|On 21 October 2011, the MEC for Health in Kwazulu-Natal
Dr Sibongiseni Dhlomo woke up and joined more than fifty healthcare
workers of King Edward VIII Hospital during a kilometer walk and forty
five minutes aerobics class at the hospital premises.
“I walk for three kilometers to work every morning,” said Ms Juliet Kubisa (59) who is a Nursing Manager at the Hospital during the early morning walk. “I think the MEC is starting a very good programme which needs to be supported by young workers, in particular, in order to have healthier adult lives.”
The MEC launched the workplace healthy lifestyle programme where he is calling upon all health care workers to be exemplary to their patients by living active and healthy lifestyles. The 2006 Labour Force Survey estimates that KwaZulu-Natal employs 19% of the total South African labour force estimated at over 21 million.
|The South African District Health Survey estimates that chronic diseases of lifestyle, as a group, account for 36 and 40% of deaths among South Africans. The other main causes of death are HIV and AIDS, other communicable diseases excluding HIV and AIDS and injuries. The common chronic diseases include stroke, ischaemic heart disease (IHD), diabetes mellitus (DM), hypertensive heart disease (HHD) and chronic obstructive pulmonary disease (COPD).|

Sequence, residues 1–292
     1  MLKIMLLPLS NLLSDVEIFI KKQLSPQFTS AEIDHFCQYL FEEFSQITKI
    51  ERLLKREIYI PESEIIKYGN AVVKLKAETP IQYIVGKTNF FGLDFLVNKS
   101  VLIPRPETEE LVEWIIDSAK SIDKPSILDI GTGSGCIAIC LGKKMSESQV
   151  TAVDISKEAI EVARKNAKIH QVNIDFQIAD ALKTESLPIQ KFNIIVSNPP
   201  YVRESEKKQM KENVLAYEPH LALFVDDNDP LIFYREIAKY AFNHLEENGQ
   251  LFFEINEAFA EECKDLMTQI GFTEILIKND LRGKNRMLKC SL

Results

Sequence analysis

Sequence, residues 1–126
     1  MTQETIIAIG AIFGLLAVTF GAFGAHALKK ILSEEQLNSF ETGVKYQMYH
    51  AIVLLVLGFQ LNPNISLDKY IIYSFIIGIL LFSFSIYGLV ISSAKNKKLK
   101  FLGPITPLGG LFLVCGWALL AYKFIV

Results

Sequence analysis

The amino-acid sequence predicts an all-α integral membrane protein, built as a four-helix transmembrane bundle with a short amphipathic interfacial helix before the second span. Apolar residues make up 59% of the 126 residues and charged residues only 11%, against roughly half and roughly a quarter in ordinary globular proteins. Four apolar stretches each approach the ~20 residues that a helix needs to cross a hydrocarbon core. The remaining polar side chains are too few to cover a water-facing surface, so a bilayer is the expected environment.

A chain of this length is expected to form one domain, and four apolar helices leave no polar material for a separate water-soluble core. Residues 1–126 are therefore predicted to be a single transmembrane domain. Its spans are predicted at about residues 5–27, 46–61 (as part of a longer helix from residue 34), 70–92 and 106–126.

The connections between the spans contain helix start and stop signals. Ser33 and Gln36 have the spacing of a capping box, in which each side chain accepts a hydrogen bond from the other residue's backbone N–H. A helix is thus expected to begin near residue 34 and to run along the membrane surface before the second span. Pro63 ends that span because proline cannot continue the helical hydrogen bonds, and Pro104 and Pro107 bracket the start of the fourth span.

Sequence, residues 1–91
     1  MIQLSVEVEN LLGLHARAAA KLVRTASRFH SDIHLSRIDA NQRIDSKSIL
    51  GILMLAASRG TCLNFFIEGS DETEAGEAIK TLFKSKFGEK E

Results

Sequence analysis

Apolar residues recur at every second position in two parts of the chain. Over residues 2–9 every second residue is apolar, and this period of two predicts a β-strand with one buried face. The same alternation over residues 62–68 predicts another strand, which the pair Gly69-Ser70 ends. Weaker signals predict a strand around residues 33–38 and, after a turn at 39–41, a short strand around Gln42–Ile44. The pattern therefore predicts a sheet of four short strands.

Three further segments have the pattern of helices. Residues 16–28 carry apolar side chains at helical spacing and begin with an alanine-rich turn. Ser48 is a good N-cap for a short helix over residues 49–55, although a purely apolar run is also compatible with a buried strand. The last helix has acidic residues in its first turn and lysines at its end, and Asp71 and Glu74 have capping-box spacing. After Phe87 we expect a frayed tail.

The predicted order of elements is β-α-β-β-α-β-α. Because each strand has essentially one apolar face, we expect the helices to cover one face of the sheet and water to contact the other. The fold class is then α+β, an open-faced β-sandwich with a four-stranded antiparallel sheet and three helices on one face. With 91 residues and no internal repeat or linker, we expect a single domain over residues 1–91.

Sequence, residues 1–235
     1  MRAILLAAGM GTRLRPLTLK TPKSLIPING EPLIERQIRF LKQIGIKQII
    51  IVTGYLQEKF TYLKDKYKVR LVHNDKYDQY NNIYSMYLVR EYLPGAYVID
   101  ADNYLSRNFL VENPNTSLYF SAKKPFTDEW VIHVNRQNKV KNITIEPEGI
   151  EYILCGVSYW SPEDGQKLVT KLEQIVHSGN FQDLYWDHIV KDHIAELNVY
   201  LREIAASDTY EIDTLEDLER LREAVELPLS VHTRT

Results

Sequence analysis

|Speaking to the workers, MEC Dhlomo said; “What you are starting here today is
not only good for yourselves but good for the country as well. The amounts of
money that government spends towards the health care of its own employees could
be used for other developmental projects. A person who engages in some form of
physical activity protects his or herself from the onset of many preventable
diseases. I urge your management to allow you time to engage in these classes as
well as to arrange for the night staff to also have a similar opportunity.”
The MEC is championing the promotion of healthy lifestyles in communities as well as workplaces. He believes that workplaces are particularly important because it where workers spent the larger part of their daily lives. He also says that if workplaces were to start these programmes it would reduce absenteeism due to ill health, improve cohesion among workers, increase productivity and reduce medical costs.
An administration worker Ms Sheena Bisseru (36) said that she is hopeful that the spirit of the MEC would be adopted by all workers in all work environments. “In the early ‘90s we had sports tournaments where I played volleyball. I so wish they will bring such tournaments back because we could play with other hospitals thereby improving collegial relations.”
|The MEC announced that he would be starting a similar programme at the Department of Health’s head office in Pietermaritzburg soon.|
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